War is the force and the red sun that restores the vigour of peoples. Without it, there would be neither friendship nor love, no dynamism, no creativity, no collective emotions, and no meaning to the lives of peoples and men.
Some words in honour of the life and work of Guillaume Faye.
By now, it is unlikely that any reader of Arktos Journal has yet to learn of the demise yesterday, 7 March 2019, of Guillaume Faye, who succumbed after a long struggle to a far-advanced cancer.
A list of all the men influenced by Guillaume Faye’s ideas would surely compass nearly all the names of the foremost intellectual and activist leaders of the contemporary dissident Right; that is the measure of his reach, and of our loss. The news comes indeed as a heavy blow to all those who cleave to the dissident Right in our day; for desperately few are those thinkers capable of seeing simultaneously on the level of the global and the local, of the past, the present and the future, of principle and practice, and but few of these few possess the clairvoyance, the magnanimity and eloquence of a Guillaume Faye. It is as though we had all grown, at a blow, a little the more myopic, a little the blinder and blander, a little the duller and dumber – a little less bold and innovative in our vision of tomorrow, and a little less ready to confront whatever vicissitudes that same tomorrow might harbour.
Faye was a paragon of audacity, in the best tradition of that true master of audacity who was his foremost teacher; nor did he ever restrain himself even a hair’s breadth in his bravely forthright denunciation of the ills and errors he perceived pullulating around him.
It is fitting, upon the passing of a man, to celebrate the deeds and ideas of his life. I leave recollection of his deeds to those who knew him personally, honour which I was sadly never afforded. But reflecting that in the life of any true intellectual, these two categories – deed and idea – overlap if they do not coincide, I do not believe it would be amiss if, in celebration of Faye’s life and in honour of his death, we paused to review a certain vital concept which runs as a golden thread throughout his work – one of the many idea-children he brought into this world, which are destined, as is only right, to long outlive their father. We choose our theme with care, as that which, it seems to us, is most liable to gain us access to the best spirit underlying Faye’s work – that fearless, tireless, unyielding warrior genius, which we might well hope will deign to dwell with us all for a long time coming, notwithstanding the fact that one of its favoured sons has departed us.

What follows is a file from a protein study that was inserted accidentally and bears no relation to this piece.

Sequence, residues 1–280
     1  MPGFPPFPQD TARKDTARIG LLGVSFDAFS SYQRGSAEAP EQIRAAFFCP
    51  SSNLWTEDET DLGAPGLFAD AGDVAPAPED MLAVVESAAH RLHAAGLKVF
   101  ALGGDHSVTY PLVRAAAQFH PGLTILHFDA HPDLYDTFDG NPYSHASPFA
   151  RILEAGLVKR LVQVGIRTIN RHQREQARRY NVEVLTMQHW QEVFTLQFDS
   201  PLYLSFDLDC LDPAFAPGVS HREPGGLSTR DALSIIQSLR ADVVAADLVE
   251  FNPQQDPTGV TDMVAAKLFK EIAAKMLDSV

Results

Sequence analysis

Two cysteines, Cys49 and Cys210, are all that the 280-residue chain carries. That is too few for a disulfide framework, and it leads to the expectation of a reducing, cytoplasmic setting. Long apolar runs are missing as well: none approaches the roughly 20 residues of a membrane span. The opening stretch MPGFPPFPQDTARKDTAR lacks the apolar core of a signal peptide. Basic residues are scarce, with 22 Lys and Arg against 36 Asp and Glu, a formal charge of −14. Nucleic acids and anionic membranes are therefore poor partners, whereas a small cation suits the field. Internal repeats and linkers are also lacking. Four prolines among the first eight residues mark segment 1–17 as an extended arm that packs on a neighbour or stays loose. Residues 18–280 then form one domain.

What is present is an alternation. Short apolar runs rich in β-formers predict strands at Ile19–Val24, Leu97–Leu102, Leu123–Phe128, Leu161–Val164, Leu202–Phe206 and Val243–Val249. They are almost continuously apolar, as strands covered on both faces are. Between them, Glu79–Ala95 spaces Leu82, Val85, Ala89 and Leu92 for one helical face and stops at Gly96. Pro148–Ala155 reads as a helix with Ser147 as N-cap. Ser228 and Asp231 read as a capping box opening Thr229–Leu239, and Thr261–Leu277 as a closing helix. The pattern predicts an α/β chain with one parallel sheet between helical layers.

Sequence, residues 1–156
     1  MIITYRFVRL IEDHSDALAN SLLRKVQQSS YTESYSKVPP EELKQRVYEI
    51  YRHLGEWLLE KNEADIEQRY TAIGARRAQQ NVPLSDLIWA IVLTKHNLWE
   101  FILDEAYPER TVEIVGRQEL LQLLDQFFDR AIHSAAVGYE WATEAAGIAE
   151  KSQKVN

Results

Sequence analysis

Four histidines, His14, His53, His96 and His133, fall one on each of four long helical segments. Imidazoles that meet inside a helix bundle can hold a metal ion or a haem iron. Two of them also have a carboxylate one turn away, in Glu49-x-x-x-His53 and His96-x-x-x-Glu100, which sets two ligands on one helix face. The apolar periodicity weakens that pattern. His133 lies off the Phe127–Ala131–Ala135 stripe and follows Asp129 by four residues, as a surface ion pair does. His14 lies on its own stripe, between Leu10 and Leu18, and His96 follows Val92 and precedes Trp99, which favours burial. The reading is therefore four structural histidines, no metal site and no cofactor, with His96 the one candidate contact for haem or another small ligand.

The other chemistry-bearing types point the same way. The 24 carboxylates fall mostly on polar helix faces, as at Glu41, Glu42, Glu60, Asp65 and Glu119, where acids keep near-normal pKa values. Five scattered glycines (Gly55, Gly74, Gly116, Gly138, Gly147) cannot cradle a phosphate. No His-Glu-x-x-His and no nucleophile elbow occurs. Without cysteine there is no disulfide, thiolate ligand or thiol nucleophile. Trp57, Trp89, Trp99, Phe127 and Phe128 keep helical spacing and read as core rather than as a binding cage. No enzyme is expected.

One of the prime characteristics of Faye’s work, which must strike the reader coming upon it for the first time, is its evident willingness to look in the face of a potential and multipolar global disaster, to analyze this possibility with a ruthless realism, to consider what future might arise out of it for good or for ill, and to do all of this without the least sign of perturbation, bland optimism or resignation.
Consider the cool candour and the almost philosophical detachment of the following remark:
History teaches us that humans do not change their civilization after deliberation, or by their own willpower, but in the wake of chaos that they themselves have provoked.1
One could easily imagine these as the words of some historian reflecting on the fall of a long-dead civilization in a remote corner of the globe, rather than the utterance of a wakeful man standing before the imminent collapse of his own. I have elsewhere noted the pivotal nature of catastrophe to Faye’s thinking, and have indicated some of the reasons for this.2 In his social analysis, Faye departs from a point of ruthless psychological realism, or a view which attempts to assess human beings, not as they could or should be, but as they are, here and now. Psychological realism in most times and places educates men to the moderation of hopes and to a conservative bridling of political optimism.3 If human beings by and large cannot be made to change, much less to improve, and if the attempt to force them do so through societal or political machinations generally leads to unforeseen, undesired and in some cases abhorrent consequences, then it is surely best to leave well enough alone, and to resist all efforts at altering the basic fundaments of society. Psychological realism trains a man to caution, moderation, and restraint.
Anyone who has read so much as a paragraph of Faye’s works will recognize the striking disparity between these adjectives and the qualities of the man whose life we are come to commemorate. Sooner than caution, Faye was a paragon of audacity, in the best tradition of that true master of audacity who was his foremost teacher; nor did he ever restrain himself even a hair’s breadth in his bravely forthright denunciation of the ills and errors he perceived pullulating around him. Faye’s insights into the limitations of the human heart and the human head, and especially the common man’s heart and head, were keen and sober; yet these very insights seemed to propel him to greater and more merciless honesty in his writing. Recognizing the impossibility of genuine revolution in our contemporary societies as they stand, Faye became yet more revolutionary. What account can we give for this?